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Mike Banks - Hi-Tech Dreams / Lo-Tech Reality - Underground Resistance - Detroit Techno

Mike Banks - Hi-Tech Dreams / Lo-Tech Reality - Underground Resistance - Detroit Techno

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Track Listing

A Hi-Tech Dreams
B1 Hold My Own
B2 Lo-Tech Reality

Media Condition » Mint (M)
Sleeve Condition » Near Mint (NM or M-)
Artist Mike Banks
Title Hi-Tech Dreams / Lo-Tech Reality
Label Underground Resistance
Catalogue UR-071
Format Vinyl 12 Inch
Released 2007
Genre Detroit Techno

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Some Other Artists in the Detroit Techno Genre

Underground ResistanceOmar-SSuburban KnightAux 88Random Noise GenerationSteve PoindexterTheo ParrishVintage FuturePhase90BileebobVenomousBottom Feeders, TheInner CityDJ RolandoKloutFascinating RhythmRobert Hood & FloorplanJuan AtkinsParis EMBRhythim Is RhythimTres DementedModel 500Octave OnePsycheModel 500 / MaydayK.O.T.Open House & Placid AnglesEsser'ayPsyance692 The Hard WayDeepChordEtat SolideTerrence ParkerThe Reese ProjectAstro-PhysicsDrexciyaLemuriaM.I.A

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Some Other Artists on the Underground Resistance Label

Underground ResistanceDavinaSuburban KnightVintage FutureBileebobChaosSuburban Knight & Chameleon & Dark EnergyUnderground Resistance & Aquanauts, TheGalaxy 2 GalaxyAquanauts, TheRemote X-101M.I.ATimelineUnderground Resistance & Yolanda ReynoldsNomadicoMike Banks & Trinity, The PervtechDark EnergyMark FlashAztec Mystic, TheUnknown Soldier, TheDJ RolandoDrexciyaMike Banks & DJ Rolando & Octave OneX-102Hostile, TheScan 7Underground Resistance & Shadow, TheDJ SkurgePerception & Mike BanksInfiltrator, TheDJ Rolando & Aztec Mystic, TheUnderground Resistance & Beat Mechanic, TheMark Taylor

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Information on the Detroit Techno Genre

Detroit techno is an early style of electronic music beginning in 1980s. Detroit has been cited as the birthplace of techno music. Prominent Detroit Techno artists include Juan Atkins, Derrick May, and Kevin Saunderson. A distinguishing trait of Detroit techno is the use of analog synthesizers and early drum machines, particularly the Roland TR-909, or, in later releases, the use of digital emulation to create the characteristic sounds of those machines.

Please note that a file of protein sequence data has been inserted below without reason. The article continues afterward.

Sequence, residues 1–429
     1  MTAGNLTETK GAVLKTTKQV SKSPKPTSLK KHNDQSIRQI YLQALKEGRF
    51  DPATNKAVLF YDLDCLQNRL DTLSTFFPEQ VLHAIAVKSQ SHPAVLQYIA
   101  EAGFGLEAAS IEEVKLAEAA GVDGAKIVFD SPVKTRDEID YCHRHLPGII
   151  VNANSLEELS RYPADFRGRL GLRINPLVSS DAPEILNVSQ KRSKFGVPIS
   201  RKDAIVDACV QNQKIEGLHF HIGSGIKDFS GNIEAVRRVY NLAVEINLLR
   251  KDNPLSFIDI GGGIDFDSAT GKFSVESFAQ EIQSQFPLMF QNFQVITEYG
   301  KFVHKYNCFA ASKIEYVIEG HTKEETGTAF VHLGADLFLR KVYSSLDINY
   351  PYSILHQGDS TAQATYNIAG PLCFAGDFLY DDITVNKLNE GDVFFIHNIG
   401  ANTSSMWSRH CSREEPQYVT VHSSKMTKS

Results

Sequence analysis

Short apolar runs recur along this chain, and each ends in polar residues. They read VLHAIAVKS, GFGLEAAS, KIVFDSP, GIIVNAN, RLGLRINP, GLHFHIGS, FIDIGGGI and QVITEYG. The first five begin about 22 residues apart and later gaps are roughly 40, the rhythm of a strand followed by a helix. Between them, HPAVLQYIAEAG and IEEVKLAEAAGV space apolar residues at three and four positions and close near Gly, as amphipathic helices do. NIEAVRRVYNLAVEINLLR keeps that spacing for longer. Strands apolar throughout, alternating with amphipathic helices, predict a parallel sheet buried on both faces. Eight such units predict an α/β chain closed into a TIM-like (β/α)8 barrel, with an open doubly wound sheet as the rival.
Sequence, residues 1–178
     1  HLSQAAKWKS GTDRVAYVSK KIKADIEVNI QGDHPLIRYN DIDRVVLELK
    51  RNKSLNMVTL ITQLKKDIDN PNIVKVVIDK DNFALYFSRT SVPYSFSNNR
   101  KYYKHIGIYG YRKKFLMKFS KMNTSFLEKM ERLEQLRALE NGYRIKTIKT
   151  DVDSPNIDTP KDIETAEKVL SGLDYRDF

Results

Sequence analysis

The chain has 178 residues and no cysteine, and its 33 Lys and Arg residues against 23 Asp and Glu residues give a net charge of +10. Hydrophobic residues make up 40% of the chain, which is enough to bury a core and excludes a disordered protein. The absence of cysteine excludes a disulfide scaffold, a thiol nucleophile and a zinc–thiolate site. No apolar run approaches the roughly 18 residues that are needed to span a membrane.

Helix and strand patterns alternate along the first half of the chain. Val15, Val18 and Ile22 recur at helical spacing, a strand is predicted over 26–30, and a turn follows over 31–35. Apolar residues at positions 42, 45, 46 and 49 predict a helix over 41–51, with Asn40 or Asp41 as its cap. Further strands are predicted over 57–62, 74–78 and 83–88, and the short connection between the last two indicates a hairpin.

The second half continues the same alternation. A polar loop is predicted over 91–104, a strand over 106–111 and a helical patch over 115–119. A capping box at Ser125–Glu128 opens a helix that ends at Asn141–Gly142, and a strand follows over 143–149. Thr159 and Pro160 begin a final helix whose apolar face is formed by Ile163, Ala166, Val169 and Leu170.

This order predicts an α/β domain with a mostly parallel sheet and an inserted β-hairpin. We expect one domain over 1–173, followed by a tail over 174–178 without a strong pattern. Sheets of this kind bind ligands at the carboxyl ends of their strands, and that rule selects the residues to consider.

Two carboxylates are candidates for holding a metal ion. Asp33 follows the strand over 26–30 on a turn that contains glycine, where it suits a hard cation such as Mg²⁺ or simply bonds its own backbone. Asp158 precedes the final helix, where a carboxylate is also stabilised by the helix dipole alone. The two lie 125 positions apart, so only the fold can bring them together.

Detroit techno music was originally thought of as a subset to Chicago's early style of house. However, some critics believe that the Detroit techno movement was an adjunct to house music, named for the new style of music played at a Chicago nightclub called "The Warehouse". Although producers in both cities used the same hardware and even collaborated on projects and remixes together, Detroiters traded the choir-friendly vocals of House with metallic clicks, robotic voices and repetitive hooks reminiscent of an automotive assembly line. Many of the early techno tracks had futuristic or robotic themes, although a notable exception to this trend was a single by Derrick May under his pseudonym Rhythim Is Rhythim, called Strings of Life. This vibrant dancefloor anthem was filled with rich synthetic string arrangements and took the underground music scene by storm in May 1987. With subtle differences between the genres, clubs in both cities included Detroit techno and Chicago house tracks in their playlists without objection from patrons (or much notice by non-audiophiles).

The three individuals most closely associated with the birth of Detroit techno as a genre are Juan Atkins, Kevin Saunderson and Derrick May, also known as the "Belleville Three". These three high school friends from the Detroit suburb would soon find their basement tracks in dancefloor demand, thanks in part to seminal Detroit radio personality The Electrifying Mojo. Ironically, Derrick May once described Detroit techno music as being a "complete George Clinton and Kraftwerk caught in an elevator, with only a sequencer to keep them company.

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